The earliest and most popular way to attack the idea of Jesus’ Resurrection was to say the Disciples removed His body from the tomb.
The second most popular theory is the idea that the Jewish religious leaders or the Romans removed the body.
Like any crime, you look for motive. Like any crime, you look for fact.
Yesterday, the fact of Matthew 28: 11-15 was presented, the fact that the Jewish religious leaders paid the Roman guard money to say that the Disciples stole the body. However, there is no mention in the Bible that anyone even responded to that story. No one even bothered to refute it.
But today, we look at two other theories that can be the basis of doubt in the unbeliever.
The Jewish Religious Leaders Stole Jesus’ Body
Let’s examine what the benefit would be to these “status quo” people, people who were on the top of the religious hierarchy in Jesus’ time. These people wanted Jesus out of the way because He questioned their practices. But would they steal His body from the tomb?
First of all, what would these people do with Jesus’ body? Would they dispose of it, not telling anyone of it? I think not. What I think these leaders would do is parade it for the public to see. What would the effect be? Of course, the whole resurrection idea would be debunked and the Christians would have no information to spread among the people about Jesus who came to show us a better way. He is gone but to a better place, a place where we can go if we follow His way.
This is not a message that they wanted spread in the community.
J.N.D. Andersons observes “Within seven short weeks, [after Christ’s resurrection]—if the records are to be believed at all, and I cannot see any possible reason for Christian writers to have invented that difficult gap of seven weeks—within seven short weeks Jerusalem was seething with the preaching of the Resurrection. The apostles were preaching it up and down the city. The chief priests were very much upset about it. They said that the apostles were trying to bring this man’s blood upon them. They were being accused of having crucified the Lord of Glory. And they were prepared to go to almost any lengths to nip this dangerous heresy in the bud.”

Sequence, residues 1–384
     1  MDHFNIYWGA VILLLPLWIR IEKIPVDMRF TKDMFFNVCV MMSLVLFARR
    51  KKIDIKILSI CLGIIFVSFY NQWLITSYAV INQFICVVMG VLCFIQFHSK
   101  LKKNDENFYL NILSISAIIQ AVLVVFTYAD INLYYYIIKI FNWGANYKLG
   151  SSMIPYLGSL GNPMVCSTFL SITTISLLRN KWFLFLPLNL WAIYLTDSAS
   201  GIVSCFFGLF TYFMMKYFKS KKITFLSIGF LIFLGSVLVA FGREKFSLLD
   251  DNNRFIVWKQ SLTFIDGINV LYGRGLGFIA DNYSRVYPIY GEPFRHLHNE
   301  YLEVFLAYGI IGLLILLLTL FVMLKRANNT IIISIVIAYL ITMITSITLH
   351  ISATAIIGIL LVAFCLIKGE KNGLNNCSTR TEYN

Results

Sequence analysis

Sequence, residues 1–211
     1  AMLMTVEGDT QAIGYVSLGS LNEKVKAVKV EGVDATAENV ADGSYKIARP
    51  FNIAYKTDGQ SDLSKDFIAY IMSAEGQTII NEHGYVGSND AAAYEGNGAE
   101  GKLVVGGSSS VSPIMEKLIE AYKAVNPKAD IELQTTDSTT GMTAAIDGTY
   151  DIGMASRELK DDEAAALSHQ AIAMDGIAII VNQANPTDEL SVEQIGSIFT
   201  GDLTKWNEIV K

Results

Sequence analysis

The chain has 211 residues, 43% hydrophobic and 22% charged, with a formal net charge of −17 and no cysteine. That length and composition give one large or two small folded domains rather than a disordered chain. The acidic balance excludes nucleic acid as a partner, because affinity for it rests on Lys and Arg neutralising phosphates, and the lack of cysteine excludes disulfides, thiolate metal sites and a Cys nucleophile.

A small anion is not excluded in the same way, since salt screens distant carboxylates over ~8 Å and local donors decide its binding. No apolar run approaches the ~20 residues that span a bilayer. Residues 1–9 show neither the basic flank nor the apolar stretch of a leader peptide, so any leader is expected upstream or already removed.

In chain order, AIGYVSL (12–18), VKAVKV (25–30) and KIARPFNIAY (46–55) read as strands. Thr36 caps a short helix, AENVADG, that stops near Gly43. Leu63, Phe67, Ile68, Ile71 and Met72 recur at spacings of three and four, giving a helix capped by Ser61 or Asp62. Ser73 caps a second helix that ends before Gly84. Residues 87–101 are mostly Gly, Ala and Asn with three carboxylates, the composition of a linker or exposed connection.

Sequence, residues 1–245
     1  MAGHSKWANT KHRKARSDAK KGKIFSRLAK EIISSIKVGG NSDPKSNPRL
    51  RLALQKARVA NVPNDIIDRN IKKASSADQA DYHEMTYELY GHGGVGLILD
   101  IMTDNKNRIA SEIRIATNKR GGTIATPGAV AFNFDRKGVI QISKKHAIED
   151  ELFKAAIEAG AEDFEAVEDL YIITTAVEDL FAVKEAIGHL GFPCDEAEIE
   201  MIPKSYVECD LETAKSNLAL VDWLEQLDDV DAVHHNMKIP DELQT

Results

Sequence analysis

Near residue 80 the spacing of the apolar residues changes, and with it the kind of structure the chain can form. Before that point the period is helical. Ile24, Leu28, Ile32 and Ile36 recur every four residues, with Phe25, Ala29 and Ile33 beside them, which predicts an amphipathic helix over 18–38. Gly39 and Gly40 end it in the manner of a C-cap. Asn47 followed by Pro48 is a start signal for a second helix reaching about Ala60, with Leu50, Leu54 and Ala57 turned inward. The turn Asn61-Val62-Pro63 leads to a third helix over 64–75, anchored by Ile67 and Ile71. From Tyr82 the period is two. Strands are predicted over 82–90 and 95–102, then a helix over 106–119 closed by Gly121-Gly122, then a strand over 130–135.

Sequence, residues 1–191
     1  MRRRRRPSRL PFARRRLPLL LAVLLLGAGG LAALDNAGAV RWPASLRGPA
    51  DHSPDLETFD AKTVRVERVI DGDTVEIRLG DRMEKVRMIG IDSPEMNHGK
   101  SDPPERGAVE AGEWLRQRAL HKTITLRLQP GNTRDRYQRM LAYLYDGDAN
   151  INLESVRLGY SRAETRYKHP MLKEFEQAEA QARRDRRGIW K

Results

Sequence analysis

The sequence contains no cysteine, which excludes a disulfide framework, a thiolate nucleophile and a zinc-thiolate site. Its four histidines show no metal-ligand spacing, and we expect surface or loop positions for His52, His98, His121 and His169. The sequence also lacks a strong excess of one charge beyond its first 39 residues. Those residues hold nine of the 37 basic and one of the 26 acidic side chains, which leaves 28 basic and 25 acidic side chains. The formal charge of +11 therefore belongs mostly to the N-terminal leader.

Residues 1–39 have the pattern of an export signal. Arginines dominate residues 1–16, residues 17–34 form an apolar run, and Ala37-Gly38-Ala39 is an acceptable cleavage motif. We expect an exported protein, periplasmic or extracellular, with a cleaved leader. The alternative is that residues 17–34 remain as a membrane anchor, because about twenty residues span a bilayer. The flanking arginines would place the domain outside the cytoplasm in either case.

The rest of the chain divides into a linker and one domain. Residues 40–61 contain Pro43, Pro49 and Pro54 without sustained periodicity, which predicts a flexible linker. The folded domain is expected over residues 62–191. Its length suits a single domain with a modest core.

Like pay off Roman guards to lie.
Like parade Jesus’ body in the streets [if only they had it].
The Romans Stole Jesus’ Body
The Romans in Jesus’ day had a different agenda at the time of the Resurrection. Of course they were reluctant torturers and executioners but Governor Pilate wanted control over the province of Caesarea and spent a lot of time in Jerusalem. This is where the greatest unrest was. Pilate wanted peace. A lack of peace in his province spoke poorly of his ability to govern.
Again, J.N.D. Anderson explains the possible motive for Pilate: “He…was upset about the strange teaching [of Jesus]. If he had the body moved, it seems incredible that he would not have informed the chief priests when they were so upset.”
Pilate would have accomplished several things by producing the body: he would have reestablished the authority of the chief priests, he would have debunked the radical teachings of Jesus and the end result would have probably been peace.
People will believe what they want to believe. They may try to tell you that the Romans stole Jesus’ body but they may not be able to tell you why the Romans guarded a tomb they were going to loot.
People will believe what they want to believe. They may try to explain that the chief priests stole Jesus’ body but there was no body mentioned and they definitely would have “mentioned” that they had Jesus’ body.
People will believe what they want to believe. They may explain that the Romans stole Jesus’ body but why? Again to steal a body and then not display a body makes no sense.
“The simple faith of the Christian who believes in the Resurrection is nothing compared to the credulity of the sceptic who will accept the wildest and most implausible romances rather than admit the plain witness of historical certainties” [G. Hanson].